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Companies are wondering if they really need all of their office space

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Posted at 9:26 AM, Jun 08, 2021
and last updated 2021-06-08 11:26:22-04

The global pandemic caused skyscrapers and office parks to sit empty for months and now as the U.S. recovers, companies are deciding whether or not their workers will return to their headquarters.

Long before the pandemic forced workers to turn their homes into offices, Connia Nelson at Lifeway Christian Resources in Nashville, Tennessee, was already looking around the company's headquarters and questioning if they needed their 277,000 square foot building.

Even pre-pandemic occupancy rates were around 60%.

"More and more people were working remotely," Nelson said.

With most of the company working offsite, Lifeway decided to make a difficult decision. Two weeks ago, they sold their nearly new company headquarters for an estimated $95 million.

They had just moved into the building in 2017.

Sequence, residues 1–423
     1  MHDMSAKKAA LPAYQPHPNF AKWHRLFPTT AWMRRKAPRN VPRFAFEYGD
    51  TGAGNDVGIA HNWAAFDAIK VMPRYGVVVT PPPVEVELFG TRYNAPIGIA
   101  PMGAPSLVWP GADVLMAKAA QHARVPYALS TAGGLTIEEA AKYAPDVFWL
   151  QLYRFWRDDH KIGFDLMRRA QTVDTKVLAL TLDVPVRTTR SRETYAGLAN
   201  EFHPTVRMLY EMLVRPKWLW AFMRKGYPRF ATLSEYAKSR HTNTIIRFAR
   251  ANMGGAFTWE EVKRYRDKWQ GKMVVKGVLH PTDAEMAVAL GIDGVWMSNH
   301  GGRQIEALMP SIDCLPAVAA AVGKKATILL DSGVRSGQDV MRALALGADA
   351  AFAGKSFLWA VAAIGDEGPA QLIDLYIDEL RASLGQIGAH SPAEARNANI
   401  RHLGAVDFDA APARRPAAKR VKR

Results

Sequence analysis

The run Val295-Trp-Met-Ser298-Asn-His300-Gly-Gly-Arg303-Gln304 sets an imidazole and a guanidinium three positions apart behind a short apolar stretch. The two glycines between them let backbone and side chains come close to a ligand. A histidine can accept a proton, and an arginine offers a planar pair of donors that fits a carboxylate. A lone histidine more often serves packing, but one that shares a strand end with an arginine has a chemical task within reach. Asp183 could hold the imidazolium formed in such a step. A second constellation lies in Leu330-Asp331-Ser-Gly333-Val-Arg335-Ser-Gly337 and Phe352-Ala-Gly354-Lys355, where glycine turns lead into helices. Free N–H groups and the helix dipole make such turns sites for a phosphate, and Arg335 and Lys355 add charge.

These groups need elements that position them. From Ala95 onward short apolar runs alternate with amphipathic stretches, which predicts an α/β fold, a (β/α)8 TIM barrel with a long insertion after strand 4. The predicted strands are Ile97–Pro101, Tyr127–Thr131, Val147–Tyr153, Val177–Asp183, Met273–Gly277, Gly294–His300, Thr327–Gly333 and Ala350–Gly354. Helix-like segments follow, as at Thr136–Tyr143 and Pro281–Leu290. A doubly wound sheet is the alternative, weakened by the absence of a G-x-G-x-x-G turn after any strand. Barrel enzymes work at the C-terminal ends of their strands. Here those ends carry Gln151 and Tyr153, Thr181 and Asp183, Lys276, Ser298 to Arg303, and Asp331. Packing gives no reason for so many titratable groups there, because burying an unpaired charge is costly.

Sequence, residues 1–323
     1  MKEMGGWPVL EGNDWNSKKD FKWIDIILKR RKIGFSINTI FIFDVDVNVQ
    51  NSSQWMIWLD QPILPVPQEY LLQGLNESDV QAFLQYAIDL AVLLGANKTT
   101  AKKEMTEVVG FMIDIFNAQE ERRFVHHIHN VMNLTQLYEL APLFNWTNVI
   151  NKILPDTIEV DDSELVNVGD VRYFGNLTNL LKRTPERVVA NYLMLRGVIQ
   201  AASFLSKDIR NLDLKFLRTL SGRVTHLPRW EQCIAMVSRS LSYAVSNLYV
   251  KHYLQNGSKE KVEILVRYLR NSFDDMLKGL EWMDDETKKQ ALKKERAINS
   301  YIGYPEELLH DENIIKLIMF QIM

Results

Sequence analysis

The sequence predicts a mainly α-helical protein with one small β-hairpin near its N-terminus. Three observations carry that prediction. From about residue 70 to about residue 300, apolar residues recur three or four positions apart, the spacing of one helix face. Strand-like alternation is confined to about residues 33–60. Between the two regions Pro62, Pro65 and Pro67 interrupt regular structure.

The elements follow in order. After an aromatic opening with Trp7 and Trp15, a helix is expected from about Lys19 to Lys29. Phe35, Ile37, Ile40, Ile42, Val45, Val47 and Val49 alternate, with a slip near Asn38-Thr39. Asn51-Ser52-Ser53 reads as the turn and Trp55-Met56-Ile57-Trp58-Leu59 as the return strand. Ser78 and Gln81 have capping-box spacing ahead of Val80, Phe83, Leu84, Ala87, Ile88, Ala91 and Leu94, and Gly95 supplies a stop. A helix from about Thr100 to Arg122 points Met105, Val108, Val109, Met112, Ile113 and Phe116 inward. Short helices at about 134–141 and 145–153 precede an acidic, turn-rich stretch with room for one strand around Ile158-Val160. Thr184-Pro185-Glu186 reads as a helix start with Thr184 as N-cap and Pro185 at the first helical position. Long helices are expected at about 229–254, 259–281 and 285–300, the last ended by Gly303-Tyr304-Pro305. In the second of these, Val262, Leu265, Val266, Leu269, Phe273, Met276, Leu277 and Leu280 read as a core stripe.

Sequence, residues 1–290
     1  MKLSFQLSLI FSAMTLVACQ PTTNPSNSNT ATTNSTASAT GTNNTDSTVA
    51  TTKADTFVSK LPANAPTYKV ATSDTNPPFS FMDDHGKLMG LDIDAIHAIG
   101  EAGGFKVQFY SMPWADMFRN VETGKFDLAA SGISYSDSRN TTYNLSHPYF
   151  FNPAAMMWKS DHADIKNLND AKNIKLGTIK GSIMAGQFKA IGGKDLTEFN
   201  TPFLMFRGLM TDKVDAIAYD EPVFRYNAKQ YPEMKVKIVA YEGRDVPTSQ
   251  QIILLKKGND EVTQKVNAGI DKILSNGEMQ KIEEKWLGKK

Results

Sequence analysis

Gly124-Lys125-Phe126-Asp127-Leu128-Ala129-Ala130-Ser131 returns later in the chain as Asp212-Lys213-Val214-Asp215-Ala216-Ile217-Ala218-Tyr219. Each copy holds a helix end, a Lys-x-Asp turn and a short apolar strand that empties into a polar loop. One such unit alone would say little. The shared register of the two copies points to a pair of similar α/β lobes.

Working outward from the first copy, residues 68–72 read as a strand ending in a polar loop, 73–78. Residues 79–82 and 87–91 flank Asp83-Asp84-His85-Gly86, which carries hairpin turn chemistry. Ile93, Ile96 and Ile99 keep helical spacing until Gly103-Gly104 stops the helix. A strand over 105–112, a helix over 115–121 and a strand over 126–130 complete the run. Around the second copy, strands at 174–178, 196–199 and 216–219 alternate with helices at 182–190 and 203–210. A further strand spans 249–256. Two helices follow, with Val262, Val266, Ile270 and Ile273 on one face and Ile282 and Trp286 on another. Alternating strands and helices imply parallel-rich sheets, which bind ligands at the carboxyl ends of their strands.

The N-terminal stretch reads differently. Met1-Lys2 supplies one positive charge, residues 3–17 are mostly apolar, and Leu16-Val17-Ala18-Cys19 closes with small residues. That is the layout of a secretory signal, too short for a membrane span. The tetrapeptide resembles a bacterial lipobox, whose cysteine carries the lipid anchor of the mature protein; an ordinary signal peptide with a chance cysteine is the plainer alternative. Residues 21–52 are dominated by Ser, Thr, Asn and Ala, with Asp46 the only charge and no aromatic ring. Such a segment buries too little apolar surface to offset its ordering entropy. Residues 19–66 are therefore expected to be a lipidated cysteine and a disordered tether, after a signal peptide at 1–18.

"We had to ask ourselves, ‘is it worth having a building of this size when you’re not fully utilizing it?’ It’s a great building but does that make sense?" she added.

Businesses of all sizes are trying to figure out what's next as many companies are looking at keeping workers remote either full-time or in a hybrid-type situation. It's left companies looking at balance sheets and wondering if leasing massive office space makes financial sense.

"It's a conversation I think a lot of people are having," Nelson noted.

Commercial real estate experts say it’s still too soon to predict any long-term impacts from all of this, as many large companies are locked into four or five-year leases. That prevents them from making any big moves right now.

Lawrence Yun, the Chief Economist at the National Association of Realtors, says vacancy rates for office buildings is sitting around 20%.

"Companies will hire more people. It’s just unclear if they’ll have dedicated office space," Yun said.

Some parts of the commercial real estate market are booming though. Warehouse space is hard to come by as many companies are having to expand shipping facilities to handle a surge in e-commerce.

"It’s unclear though how much of a fresh demand there will be for office space," he added.

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